I’ve recently been documenting alot of stuff on github but then realised I was learning a markup language on top of the most prolific markup language going
Maybe it’s my point of entry in learning the underlying tech of the web: I know github markdown more than I know
html is that weird? In feeling a bit paranoid about this I started to look into what Markdown and
Markup language is and where it came from and it made me feel better. It’s all about Readability
I think I’m drawn to github as its a way of documenting work and developing it all at the same time and it’s to do with laziness; It’s difficult to re-visit projects after the fact and document things at that point: the act of doing being self documented totally appeals.
All work on the web is essentially public and putting privacy issues to one side I wonder about an art practice where all the wrong turns, developments, jokes, serious intents, failures and successes are trackable and versioned on the fly something like @brettlempereur’s Icreacharound.xyz but also maybe the idea of self-surveilling your sketchbook or gitlab for art. It’s a little bit like the Agency of Unrealised Projects as a service.
Surveillance and convenience of course go hand in hand; so we accept cookies but getting together your own system of sensibly tagging your bookmarks you like or need is a kind of self-surveillance. Unlike much surveillance we are doing it on our own terms and not having to accept someone elses; so it’s much nicer to use something like pinboard which gives you quite a bit of independence.
Its also a way of making things more Readable I wonder if we put more out there in art practice that is readable and ledgible then we don’t end up with work without context that only people with highly specialised language can understand: then again much of tech culture is about developing highly specialised language and systems and that’s essential and inevitable to really build things .
I think alot of what I do is about translating specialist language into a broader cultural language to explore wider connections. The problem is that sometimes you just make work that re-presents science and engineering and other specialist knowledge and art becomes purely about a form of public engagement: it’s a form of translation but it does not have to completely dumb things down.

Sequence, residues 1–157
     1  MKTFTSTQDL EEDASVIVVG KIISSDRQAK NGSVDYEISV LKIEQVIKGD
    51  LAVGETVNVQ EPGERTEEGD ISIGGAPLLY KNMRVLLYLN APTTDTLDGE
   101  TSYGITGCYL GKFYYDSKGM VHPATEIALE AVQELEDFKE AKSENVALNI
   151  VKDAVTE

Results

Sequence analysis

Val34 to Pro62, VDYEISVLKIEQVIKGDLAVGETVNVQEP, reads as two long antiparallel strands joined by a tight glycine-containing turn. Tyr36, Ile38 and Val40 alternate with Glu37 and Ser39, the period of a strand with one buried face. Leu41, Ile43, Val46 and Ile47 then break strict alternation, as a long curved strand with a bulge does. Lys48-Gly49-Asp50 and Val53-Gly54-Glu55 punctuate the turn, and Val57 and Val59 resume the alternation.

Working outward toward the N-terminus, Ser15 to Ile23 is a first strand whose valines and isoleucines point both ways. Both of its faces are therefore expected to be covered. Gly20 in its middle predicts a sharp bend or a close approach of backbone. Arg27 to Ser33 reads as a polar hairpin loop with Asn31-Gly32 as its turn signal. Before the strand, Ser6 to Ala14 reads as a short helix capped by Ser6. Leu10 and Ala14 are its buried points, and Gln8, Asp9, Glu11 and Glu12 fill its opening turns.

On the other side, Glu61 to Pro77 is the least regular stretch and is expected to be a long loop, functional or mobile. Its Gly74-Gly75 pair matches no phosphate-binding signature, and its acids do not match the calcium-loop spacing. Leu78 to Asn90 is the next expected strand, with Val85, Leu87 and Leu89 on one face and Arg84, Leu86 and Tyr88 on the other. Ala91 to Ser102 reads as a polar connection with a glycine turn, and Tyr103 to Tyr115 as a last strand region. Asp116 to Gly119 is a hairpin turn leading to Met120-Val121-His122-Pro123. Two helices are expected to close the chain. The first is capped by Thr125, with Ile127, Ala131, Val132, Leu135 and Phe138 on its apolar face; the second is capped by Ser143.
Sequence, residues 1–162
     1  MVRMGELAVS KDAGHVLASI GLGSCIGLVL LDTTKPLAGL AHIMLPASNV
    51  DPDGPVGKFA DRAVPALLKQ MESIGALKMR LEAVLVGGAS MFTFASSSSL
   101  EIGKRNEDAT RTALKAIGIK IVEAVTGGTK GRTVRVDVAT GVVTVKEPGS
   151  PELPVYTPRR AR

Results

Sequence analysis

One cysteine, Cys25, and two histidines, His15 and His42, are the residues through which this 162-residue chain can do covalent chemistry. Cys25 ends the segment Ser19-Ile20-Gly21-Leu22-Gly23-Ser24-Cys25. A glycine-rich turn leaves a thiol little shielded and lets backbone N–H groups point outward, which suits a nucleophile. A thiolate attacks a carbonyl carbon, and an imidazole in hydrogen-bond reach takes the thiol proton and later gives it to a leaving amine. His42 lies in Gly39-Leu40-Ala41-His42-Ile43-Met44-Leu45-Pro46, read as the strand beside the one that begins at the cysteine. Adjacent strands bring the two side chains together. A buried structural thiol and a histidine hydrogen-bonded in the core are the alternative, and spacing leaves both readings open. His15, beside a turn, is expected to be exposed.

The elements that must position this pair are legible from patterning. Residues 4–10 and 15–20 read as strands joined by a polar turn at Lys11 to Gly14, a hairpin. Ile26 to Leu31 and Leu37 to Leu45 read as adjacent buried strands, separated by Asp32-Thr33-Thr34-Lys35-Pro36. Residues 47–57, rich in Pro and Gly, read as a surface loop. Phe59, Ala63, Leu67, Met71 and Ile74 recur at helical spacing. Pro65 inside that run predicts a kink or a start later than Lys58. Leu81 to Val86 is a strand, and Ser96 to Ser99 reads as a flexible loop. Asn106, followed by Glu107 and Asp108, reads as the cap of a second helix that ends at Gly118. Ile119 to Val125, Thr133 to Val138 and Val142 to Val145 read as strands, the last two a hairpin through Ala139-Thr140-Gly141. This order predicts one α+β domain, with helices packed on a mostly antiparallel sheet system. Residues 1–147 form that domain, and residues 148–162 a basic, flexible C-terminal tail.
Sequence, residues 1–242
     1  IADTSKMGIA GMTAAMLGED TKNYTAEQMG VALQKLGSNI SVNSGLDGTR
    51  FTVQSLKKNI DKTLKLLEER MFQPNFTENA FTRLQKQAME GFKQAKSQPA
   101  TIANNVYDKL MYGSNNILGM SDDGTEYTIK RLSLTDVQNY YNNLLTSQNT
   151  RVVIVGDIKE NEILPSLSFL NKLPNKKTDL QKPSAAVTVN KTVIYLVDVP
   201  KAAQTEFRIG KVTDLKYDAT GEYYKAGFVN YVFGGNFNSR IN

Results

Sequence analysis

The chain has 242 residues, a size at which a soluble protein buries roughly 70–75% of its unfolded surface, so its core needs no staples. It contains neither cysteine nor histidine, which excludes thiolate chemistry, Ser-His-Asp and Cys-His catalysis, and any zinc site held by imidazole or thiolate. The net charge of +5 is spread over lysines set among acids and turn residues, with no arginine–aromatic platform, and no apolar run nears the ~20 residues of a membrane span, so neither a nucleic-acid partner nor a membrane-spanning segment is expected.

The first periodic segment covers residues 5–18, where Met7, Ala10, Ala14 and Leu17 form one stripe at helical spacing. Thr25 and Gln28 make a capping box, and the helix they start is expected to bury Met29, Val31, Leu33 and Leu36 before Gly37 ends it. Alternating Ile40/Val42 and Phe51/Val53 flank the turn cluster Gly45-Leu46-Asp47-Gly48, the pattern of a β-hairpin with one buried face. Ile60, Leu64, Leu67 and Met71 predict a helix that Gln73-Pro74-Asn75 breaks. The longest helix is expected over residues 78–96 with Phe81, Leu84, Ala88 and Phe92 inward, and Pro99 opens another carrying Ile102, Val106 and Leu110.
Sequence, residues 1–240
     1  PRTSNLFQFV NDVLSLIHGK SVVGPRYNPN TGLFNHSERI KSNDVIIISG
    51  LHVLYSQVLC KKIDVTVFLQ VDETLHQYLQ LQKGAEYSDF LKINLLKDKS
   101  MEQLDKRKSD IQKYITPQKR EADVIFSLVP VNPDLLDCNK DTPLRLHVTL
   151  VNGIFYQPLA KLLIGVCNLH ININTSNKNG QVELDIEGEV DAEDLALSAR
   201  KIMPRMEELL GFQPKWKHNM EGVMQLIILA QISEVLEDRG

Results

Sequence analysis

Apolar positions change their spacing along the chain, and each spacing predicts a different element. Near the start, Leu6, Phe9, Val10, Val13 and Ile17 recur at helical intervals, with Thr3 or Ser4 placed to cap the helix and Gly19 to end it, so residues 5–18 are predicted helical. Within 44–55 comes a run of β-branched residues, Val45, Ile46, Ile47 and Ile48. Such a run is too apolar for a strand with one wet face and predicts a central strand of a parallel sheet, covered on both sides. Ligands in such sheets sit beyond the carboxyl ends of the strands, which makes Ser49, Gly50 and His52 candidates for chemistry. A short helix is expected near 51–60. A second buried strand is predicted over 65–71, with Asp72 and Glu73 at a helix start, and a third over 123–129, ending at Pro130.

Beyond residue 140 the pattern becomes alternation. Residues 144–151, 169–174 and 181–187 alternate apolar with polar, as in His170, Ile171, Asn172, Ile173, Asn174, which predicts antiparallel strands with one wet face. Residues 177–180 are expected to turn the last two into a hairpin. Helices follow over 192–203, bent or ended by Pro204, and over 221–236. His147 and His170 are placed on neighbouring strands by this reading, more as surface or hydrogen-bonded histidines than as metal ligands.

My work with the Minecraft of Things is about this: translating interesting things in game as a process of understanding; and a way of exposing how understanding and use-value really work in the world. Minecraft has a wide public perception but also has a very specialised community context, so it’s not fully ‘the world’ it’s like a public buffer for it(to re-present a software term).
I’m especially interested in not just what I may (or may not, grr
github) have learnt but how I’ve learnt technical skills through this process; if I had to learn in a more abstract way all the time then perhaps I would learn nothing.
After working on developing StasisCraft I’ll finish with two approaches to learning, call it homework if you really have time on your hands: something perceived as ‘hard’. No not big data but Quantum Physics
And once you’ve digested that I’d really recommend this presentation by Ron Garret
“Richard Feynman once famously quipped that no one understands quantum mechanics, and popular accounts continue to promulgate the view that QM is an intractable mystery (probably because that helps to sell books). QM is certainly unintuitive, but the idea that no one understands it is far from the truth. In fact, QM is no more difficult to understand than relativity. The problem is that the vast majority of popular accounts of QM are simply flat-out wrong. They are based on the so-called Copenhagen interpretation of QM, which has been thoroughly discredited for decades. It turns out that if Copenhagen were true then it would be possible to communicate faster than light, and hence send signals backwards in time. This talk describes an alternative interpretation based on quantum information theory (QIT) which is consistent with current scientific knowledge. It turns out that there is a simple intuition that makes almost all quantum mysteries simply evaporate, and replaces them with an easily understood (albeit strange) insight: measurement and entanglement are the same physical phenomenon, and you don’t really exist.”